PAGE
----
Other cycling improvements listed are the completion of the Comox Helmcken Greenway and the upgrading of the Adanac, Ontario and 10th Avenue Bikeways so they are safe and comfortable for people of all ages and abilities. For walking, the plan features pedestrian safety and public realm improvements in the Downtown Eastside, Marpole, Mount Pleasant and West End community plans.

Not mentioned are separated bike lanes on Commercial Drive which are on hold waiting for the completion of the Grandview Woodlands area plan. Also not included is the completion of the Portside Greenway nor separated bike lanes on Smithe/Nelson, a big network gap downtown.

The final plan will go before voters for approval this November following public consultation over the next few weeks and approval by council in the fall. What actually gets implemented will depend on the next council so make sure you support candidates who support cycling.

Never hurts to send a quick email to Mayor Gregor Robertson and Council mayorandcouncil@vancouver.ca supporting investment in cycling and walking.
More info on the Capital Plan including public consultation: http://vancouver.ca/your-government/capital-plan.aspx

Bike Path on Powell Street Overpass to Open Soon

20140721-014802-6482563.jpg

The $50 million Powell Street Overpass, expected to be completed in early August, will have a separated bike path on the north side stretching from Hawks Avenue to Clark Drive. This will be a big improvement for cycling in this part of town. Unfortunately, there not yet a good cycling connection west of Clark. Vancouver’s Transportation Plan included a cycling connection from Clark to McLean but it is uncertain when it will be completed.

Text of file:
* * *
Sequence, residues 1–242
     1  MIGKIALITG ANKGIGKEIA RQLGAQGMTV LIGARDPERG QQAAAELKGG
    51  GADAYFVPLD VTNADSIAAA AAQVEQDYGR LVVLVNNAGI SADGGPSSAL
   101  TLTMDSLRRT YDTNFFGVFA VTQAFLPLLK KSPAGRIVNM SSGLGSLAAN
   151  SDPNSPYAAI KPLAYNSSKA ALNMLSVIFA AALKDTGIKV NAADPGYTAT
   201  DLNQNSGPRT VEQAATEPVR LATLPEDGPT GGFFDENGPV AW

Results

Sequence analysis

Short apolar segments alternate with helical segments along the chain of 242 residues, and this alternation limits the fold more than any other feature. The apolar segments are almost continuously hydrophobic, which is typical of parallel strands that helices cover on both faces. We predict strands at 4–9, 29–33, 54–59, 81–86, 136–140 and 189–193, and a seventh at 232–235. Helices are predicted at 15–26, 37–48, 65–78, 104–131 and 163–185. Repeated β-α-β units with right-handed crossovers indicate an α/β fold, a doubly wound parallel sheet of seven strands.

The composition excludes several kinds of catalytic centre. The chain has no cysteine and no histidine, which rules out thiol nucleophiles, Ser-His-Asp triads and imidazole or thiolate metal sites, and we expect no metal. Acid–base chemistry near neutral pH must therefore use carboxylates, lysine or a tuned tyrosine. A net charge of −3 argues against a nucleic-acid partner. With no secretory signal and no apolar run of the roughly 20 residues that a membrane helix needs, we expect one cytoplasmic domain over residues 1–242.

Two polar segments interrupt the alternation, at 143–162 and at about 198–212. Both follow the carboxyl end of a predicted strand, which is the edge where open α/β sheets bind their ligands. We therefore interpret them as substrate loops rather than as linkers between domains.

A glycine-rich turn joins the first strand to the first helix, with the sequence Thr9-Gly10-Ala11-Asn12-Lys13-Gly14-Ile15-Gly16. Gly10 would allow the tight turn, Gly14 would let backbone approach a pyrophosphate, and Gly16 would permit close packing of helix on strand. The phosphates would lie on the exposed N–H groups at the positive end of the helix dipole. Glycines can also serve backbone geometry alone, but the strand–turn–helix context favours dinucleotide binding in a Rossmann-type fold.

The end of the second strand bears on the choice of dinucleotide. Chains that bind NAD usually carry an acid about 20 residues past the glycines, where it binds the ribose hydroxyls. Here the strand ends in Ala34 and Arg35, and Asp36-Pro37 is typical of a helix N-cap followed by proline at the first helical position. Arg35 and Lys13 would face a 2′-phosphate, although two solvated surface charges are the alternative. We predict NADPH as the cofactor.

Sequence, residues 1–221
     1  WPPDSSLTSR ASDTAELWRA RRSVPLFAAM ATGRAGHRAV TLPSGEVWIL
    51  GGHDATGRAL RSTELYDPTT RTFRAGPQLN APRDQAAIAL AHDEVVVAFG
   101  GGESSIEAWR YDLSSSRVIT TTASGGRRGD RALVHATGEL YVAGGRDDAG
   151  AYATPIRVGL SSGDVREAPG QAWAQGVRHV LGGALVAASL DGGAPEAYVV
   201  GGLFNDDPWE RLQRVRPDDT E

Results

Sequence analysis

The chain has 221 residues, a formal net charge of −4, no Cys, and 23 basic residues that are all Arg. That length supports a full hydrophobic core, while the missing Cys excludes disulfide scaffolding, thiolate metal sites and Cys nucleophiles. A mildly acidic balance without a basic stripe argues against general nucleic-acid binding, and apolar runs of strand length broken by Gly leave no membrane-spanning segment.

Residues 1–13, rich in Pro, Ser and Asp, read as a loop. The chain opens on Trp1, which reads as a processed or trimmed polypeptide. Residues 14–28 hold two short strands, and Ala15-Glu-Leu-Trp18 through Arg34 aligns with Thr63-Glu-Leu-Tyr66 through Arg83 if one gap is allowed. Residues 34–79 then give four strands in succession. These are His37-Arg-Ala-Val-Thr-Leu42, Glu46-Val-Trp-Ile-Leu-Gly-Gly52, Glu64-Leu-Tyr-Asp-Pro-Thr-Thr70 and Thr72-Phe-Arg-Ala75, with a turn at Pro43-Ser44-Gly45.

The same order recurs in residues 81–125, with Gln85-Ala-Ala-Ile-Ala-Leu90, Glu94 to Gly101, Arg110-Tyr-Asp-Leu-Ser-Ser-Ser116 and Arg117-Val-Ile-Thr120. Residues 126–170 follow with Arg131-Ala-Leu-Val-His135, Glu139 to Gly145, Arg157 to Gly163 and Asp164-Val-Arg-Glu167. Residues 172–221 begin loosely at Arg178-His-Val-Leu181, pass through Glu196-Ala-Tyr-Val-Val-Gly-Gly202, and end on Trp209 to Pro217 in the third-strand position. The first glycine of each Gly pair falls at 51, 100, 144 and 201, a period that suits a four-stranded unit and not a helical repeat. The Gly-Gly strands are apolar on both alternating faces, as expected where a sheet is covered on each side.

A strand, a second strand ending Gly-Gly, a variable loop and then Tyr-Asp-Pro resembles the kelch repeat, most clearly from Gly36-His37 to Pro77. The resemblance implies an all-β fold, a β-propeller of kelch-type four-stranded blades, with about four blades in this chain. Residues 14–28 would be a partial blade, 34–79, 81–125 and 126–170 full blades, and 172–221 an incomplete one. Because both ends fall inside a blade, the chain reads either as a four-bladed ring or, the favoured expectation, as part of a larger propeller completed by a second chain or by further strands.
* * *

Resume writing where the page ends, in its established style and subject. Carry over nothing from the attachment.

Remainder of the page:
The  $105 million proposed for renewal of transportation infrastructure in the draft Capital Plan includes funding for the repair of Water Street. The renewal of Water Street will be the ideal opportunity to improve it for cycling by either adding cycle tracks or by closing the street to through commuter traffic. This along with improvements to Powell and Alexander, would complete the Portside Greenway giving residents and tourists a great connection to East Vancouver, Burnaby and the North Shore.

A good idea to let the candidates in the upcoming election know that completing the Portside Greenway is a priority.

Burrard Cycle Tracks Worth Considering

The upgrades to the Burrard Cornwall intersection are almost finished. The improvements include separated bike lanes from the Bridge along Cornwall to Cypress and along Burrard south to 1st Avenue. These badly needed improvements are fantastic and will help encourage more people of all ages to ride bicycles both for daily trips and recreation.

Sewer, water and road construction work is scheduled on Burrard from 1st Avenue to 16th Avenue starting in 2015. This presents an idea opportunity for the City to improve Burrard Street for cycling and walking building upon the great work on Burrard Bridge and the Cornwall intersection.

Currently, Burrard south of 1st is a miserable place to cycle and walk. Typically, the narrow sidewalks are right next to the speeding traffic. In spite of the traffic, a significant number of brave souls still cycle on Burrard. For some trips, it is more direct than the alternatives plus there are many businesses and shops along it.